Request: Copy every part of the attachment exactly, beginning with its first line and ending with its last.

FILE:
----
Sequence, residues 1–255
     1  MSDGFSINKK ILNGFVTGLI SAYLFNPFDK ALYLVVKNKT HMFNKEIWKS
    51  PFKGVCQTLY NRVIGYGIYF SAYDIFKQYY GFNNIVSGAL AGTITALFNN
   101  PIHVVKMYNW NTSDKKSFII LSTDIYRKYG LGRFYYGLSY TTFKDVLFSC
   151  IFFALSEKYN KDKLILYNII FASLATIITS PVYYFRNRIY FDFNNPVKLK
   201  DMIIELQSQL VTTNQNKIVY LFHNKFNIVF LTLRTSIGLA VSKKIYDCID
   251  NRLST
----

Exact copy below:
Sequence, residues 1–255
     1  MSDGFSINKK ILNGFVTGLI SAYLFNPFDK ALYLVVKNKT HMFNKEIWKS
    51  PFKGVCQTLY NRVIGYGIYF SAYDIFKQYY GFNNIVSGAL AGTITALFNN
   101  PIHVVKMYNW NTSDKKSFII LSTDIYRKYG LGRFYYGLSY TTFKDVLFSC
   151  IFFALSEKYN KDKLILYNII FASLATIITS PVYYFRNRIY FDFNNPVKLK
   201  DMIIELQSQL VTTNQNKIVY LFHNKFNIVF LTLRTSIGLA VSKKIYDCID
   251  NRLST